Designing products to bring you home safely
Affectionately known by some of the team as "Rocket", we take a moment to meet Rodney from the Technical Department.
"I enjoy being able to assist in developing and designing products that help to ensure those who use them return home safely at the end of every day. This helps to provide the passion and drive for everything I do here at Sayfa."
1. You are in the technical support department at Sayfa. What tasks are you required to perform in a normal day's work?
I often say that I am a bit of a Jack of all trades as I have a large variety of tasks, all of which certainly make my day interesting. My main role is the design of specialist access systems. This involves interpreting site photographs and sketches in order to achieve a suitable and cost effective access solution for the client, while maintaining compliance with the relevant Australian Standards and safety regulations. I am also involved in the general day-to-day drafting which includes assisting with the development of new products, maintaining and creating manufacture drawings for our standard products and developing specifications for inclusion in our technical documentation. I enjoy being able to assist in developing and designing products that help to ensure those who use them return home safely at the end of every day. This helps to provide the passion and drive for everything I do here at Sayfa.
2. Have you always been involved in the same type of work, or did this change when you came to Sayfa?
I started off as a structural steel welder but moved into drafting approximately three years ago. I was working as a structural steel draftsman and was involved in the design of specialist agricultural and industrial buildings.
"... there are stringent Standards and Guidelines that must be taken into account when dealing with height safety .."
3. What is the most difficult drawing you have to do and why?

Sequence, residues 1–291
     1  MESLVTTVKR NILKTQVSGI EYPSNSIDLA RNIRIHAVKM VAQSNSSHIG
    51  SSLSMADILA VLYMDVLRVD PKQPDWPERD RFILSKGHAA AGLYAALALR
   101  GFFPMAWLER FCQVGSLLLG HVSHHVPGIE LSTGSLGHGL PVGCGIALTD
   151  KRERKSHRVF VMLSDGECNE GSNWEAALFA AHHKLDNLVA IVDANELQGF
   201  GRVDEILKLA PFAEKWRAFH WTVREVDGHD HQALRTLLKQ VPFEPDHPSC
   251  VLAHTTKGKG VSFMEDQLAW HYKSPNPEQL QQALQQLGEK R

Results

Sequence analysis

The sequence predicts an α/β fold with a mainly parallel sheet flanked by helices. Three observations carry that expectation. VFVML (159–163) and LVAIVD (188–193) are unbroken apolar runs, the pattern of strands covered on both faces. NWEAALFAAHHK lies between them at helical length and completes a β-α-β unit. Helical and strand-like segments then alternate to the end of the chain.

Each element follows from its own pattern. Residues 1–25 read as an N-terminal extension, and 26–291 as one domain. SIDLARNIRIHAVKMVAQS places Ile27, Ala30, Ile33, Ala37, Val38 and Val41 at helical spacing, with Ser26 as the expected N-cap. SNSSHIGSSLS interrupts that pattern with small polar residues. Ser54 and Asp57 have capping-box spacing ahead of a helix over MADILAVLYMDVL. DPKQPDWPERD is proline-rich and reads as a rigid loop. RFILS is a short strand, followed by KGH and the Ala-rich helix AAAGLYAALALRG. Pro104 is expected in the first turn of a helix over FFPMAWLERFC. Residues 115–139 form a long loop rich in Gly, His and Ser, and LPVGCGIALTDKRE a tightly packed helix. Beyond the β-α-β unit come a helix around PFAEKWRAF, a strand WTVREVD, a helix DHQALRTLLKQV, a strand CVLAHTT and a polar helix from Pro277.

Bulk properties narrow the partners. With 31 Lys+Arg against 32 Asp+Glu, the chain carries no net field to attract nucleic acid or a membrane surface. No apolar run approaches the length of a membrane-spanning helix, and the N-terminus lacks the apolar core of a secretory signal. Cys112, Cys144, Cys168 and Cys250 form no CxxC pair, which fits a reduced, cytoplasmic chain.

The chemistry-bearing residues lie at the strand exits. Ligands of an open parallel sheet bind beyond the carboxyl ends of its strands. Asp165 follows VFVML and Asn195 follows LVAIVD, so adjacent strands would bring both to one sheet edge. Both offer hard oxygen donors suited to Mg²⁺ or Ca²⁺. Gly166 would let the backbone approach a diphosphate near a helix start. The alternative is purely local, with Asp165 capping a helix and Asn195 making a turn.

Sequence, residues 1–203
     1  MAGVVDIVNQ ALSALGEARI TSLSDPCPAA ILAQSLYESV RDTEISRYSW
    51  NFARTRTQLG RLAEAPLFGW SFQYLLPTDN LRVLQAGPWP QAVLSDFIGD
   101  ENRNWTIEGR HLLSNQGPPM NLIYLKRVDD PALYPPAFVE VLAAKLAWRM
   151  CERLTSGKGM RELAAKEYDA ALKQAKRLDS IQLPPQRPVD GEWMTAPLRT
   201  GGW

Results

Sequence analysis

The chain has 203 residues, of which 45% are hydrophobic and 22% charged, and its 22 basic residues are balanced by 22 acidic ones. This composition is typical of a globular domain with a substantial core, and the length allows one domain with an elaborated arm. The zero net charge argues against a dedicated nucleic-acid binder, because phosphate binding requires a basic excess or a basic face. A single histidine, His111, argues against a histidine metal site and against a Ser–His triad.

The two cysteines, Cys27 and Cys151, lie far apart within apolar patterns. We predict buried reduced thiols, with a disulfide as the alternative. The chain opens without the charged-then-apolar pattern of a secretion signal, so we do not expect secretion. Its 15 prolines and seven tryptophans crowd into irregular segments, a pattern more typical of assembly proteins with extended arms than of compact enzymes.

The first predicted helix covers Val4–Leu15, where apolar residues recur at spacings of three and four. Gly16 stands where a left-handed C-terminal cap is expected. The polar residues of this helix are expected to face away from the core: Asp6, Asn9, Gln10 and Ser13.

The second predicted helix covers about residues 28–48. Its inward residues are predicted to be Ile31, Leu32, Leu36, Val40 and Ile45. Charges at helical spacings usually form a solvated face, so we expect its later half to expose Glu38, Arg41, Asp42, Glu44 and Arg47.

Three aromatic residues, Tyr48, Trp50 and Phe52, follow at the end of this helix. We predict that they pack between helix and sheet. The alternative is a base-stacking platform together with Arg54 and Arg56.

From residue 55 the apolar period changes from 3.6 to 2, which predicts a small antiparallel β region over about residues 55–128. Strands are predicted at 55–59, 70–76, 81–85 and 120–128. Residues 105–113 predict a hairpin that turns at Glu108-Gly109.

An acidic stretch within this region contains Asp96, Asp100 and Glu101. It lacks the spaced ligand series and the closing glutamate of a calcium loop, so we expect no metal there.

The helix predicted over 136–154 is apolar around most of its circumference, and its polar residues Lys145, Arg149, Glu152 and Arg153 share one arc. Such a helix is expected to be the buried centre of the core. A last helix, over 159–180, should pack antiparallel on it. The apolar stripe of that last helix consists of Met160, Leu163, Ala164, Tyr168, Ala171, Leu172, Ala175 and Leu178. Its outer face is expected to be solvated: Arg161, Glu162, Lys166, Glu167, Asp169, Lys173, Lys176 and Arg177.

This is hard to say ... the drawings I do here at Sayfa are a bit easier compared to what I used to do - designing sheds and specialist agricultural buildings. My drawings have gone from having 100+ sheets to a maximum of 15! However, there are stringent Standards and Regulations that must be taken into account when dealing with height safety, so although there may be less pages there is sometimes a lot more to consider. Cooling towers are the most complex as we normally have to look at a large number of variables and design them to fit into space restricted areas. The bracing and stability of the cooling tower is challenging and needs a great deal of careful planning and analysis.
4. You are currently being trained in a new software program. Can you explain what it is and how this will help you with your tasks?
We are currently implementing a new world class modelling software program which will allow us to create intuitive models. The benefit of this new system is that it allows easier manipulation of drawings thus making a quicker turn around possible. A win/win for everyone! Presently it keeps me occupied for about 30 - 40 hours a week as it is still in its infancy and requires a large amount of time to set up and configure the models prior to rolling it into every day use. However, it will be a fantastic asset once we get it up and running.
"The benefit of this new system is that it allows easier manipulation of drawings thus making a quicker turn around possible. A win / win for everyone!"
5. On average, how many drawings would you do in a week?
This varies depending of course on what I am drafting, but on average I would do between 15 to 20 a week. Drawings can vary from a simple product update to a complex set of drawings for a brand new system.
6. If you could learn to do anything, what would it be and why?
I would love to get into computer programming. It would be awesome if I could create a computer program that would do my work for me and eliminate any repetitive tasks. I guess it's everyone's dream to streamline their work flow but just imagine if it could be done at the touch of a button!